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Thursday, November 10, 2011

The Bone House by Brian Freeman

The Bone HouseThe Bone House by Brian Freeman

My rating: 2 of 5 stars

Premise of the book from Hilary and Mark Bradley are trapped in a web of suspicion. Last year, accusations of a torrid affair with a student cost Mark his teaching job and made the young couple into outcasts in their remote island town off the Lake Michigan coast. Now another teenage girl is found dead on a deserted beach. . . and once again, Mark faces a hostile town convinced of his guilt.

Hilary Bradley is determined to prove that Mark is innocent, but she’s on a lonely, dangerous quest. Even when she discovers that the murdered girl was witness to a horrific crime years earlier, the police are certain she’s throwing up a smoke screen to protect her husband. Only a quirky detective named Cab Bolton seems willing to believe Hilary’s story.

Hilary and Cab soon find that people in this community are willing to kill to keep their secrets hidden—and to make sure Mark doesn’t get away with murder. And with each shocking revelation, even Hilary begins to wonder whether her husband is truly innocent. Freeman’s first stand-alone thriller since his Stride novels is a knockout.

I wanted to like this book ('read' it on audio). I really did. It started out strong; the plot pulls a person in...and then I completely lost interest in 2/3 of the characters. I couldn't empathize/care/give a shit about any of them. I got tired of the flashbacks. I grew annoyed with the chronic stupidity - it was a lot like watching the proverbial horror flick and shouting at the screen "NO! Don't open THAT door!".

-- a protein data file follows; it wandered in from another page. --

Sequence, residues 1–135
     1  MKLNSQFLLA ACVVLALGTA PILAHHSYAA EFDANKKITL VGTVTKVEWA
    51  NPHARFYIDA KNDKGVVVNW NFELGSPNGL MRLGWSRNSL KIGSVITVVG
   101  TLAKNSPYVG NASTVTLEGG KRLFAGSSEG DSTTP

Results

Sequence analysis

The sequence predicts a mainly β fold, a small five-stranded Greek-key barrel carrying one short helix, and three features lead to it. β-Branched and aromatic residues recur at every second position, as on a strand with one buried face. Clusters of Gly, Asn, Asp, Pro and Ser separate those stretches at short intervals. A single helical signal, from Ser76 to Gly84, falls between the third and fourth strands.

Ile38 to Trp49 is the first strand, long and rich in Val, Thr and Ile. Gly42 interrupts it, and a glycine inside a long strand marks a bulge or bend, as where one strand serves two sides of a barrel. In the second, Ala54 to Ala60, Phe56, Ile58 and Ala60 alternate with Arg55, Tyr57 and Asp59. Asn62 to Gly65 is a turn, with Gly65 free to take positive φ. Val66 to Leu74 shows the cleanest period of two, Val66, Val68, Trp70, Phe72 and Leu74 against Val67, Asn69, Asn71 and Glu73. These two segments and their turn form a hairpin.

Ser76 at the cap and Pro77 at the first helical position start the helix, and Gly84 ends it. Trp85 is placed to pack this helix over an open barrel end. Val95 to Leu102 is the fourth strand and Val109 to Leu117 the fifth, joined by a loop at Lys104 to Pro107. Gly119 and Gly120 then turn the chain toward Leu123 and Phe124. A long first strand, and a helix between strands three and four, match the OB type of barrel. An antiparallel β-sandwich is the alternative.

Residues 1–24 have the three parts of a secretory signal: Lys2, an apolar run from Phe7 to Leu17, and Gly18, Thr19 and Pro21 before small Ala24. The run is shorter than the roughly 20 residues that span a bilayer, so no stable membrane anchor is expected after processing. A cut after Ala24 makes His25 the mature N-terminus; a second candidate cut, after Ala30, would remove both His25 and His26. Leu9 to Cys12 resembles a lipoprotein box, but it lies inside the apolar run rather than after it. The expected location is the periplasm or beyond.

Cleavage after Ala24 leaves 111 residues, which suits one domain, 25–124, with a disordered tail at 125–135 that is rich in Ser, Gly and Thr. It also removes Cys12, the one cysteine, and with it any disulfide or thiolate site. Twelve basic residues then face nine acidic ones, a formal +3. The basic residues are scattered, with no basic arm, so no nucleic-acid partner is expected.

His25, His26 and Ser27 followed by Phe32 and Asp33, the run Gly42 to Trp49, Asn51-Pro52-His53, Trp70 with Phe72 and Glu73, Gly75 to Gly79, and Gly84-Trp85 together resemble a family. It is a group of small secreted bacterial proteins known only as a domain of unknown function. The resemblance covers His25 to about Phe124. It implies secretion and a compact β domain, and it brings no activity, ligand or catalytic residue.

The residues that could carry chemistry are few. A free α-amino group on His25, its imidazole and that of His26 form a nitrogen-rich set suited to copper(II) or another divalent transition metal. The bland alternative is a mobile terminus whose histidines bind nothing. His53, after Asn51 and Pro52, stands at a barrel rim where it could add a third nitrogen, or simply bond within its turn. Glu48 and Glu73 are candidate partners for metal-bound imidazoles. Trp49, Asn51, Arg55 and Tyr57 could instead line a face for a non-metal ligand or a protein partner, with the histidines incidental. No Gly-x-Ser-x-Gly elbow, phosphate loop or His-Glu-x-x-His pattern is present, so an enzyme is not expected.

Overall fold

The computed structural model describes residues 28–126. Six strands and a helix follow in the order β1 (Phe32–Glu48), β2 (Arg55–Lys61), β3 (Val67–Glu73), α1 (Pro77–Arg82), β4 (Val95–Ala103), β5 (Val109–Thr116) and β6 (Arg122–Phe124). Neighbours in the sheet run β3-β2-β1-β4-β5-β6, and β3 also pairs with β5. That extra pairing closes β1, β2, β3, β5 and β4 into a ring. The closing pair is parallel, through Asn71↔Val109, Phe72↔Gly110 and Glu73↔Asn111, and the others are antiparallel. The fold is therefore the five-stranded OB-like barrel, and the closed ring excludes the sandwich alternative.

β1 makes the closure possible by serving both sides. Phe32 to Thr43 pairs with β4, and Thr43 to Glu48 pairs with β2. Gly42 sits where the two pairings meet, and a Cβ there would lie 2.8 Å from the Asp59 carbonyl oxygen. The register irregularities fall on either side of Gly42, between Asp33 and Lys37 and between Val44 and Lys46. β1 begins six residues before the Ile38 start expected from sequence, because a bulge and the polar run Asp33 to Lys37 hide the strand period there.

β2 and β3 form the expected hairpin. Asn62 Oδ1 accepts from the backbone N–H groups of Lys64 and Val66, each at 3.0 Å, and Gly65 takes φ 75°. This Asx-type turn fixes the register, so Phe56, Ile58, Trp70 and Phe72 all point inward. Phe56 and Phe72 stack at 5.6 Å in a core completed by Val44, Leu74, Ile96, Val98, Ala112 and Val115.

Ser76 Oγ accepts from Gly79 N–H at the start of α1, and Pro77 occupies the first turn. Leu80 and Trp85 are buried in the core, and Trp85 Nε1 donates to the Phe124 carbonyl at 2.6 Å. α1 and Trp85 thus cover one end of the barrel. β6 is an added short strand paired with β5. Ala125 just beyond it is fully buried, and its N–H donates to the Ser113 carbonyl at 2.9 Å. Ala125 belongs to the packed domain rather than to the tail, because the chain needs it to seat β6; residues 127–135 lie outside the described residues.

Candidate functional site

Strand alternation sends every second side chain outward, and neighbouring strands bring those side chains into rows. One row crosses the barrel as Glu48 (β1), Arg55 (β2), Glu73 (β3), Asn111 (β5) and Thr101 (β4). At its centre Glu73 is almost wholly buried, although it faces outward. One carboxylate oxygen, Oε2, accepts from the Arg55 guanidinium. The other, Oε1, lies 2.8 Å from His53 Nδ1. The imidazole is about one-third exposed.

So, on one hand, Freeman does a very good job of hooking your emotions and pulling you into a very tumultuous story line. We have a dashing high school teacher who has been accused of taking advantage of an underage girl who had befriended him and his wife. We have an insular community hiding dark secrets and feeling that The Outsider is to blame for all of their woes. The community's Little Darling - who can do no wrong - is murdered on an empty nighttime beach in Florida. It's good. Seriously good.

On the other hand, I kept getting yanked out of the plot by little things, little implausibilies, in my humble opinion. A community who doesn't seem to believe the girl with no mention ever of a medical exam. Uh huh. After all, a young person simply cannot write anything that realistic. Bullshit. We have a dead girl floating in the water; the sea has seemingly destroyed any evidence of sexual activity, but not the skin under the fingers? The action of the hand in the sand in the water didn't act as a nail cleaner? Riiigght. What was this 16 year old doing in Florida without a parent anyway? Who in the hell lets their 16 year old drive to Florida from Wisconsin with their boyfriend? We have a community who has judged, tried and condemned to death an individual and his wife all because they - the community - deemed themselves judge, jury and executioner. A sheriff who's duty is to protect the innocent - until proven guilty - who's as bad as the rest of them. Trite and annoying. An out of town inspector who is trying to get to the bottom and never questions why an entire community keeps pointing him at one individual. I'm no detective, but if I were, I'd be digging into that towns past because it screams "cover-up".

I have no idea where Disk 6 compares to in the physical book. But that's where I said to hell with it. I'll try and find some spoilers or check out the book from the library, read the last couple of chapters and call it finished. Maybe. Might still say to hell with it.

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